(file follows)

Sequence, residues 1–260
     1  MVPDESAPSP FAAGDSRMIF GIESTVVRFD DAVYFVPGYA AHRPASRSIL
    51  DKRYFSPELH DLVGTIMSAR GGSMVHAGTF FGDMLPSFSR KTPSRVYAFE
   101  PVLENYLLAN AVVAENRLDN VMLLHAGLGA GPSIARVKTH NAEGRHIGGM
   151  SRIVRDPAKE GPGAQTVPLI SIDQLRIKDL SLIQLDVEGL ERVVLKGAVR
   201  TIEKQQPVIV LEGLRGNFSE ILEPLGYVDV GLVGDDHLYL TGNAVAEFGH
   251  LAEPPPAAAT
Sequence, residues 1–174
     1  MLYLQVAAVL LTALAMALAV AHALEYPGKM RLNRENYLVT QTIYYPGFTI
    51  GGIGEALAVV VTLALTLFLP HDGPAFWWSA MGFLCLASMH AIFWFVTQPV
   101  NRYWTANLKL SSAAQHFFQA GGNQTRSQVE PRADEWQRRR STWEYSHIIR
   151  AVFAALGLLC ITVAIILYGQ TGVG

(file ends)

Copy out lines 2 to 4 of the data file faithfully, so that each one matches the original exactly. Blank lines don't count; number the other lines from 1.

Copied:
     1  MVPDESAPSP FAAGDSRMIF GIESTVVRFD DAVYFVPGYA AHRPASRSIL
    51  DKRYFSPELH DLVGTIMSAR GGSMVHAGTF FGDMLPSFSR KTPSRVYAFE
   101  PVLENYLLAN AVVAENRLDN VMLLHAGLGA GPSIARVKTH NAEGRHIGGM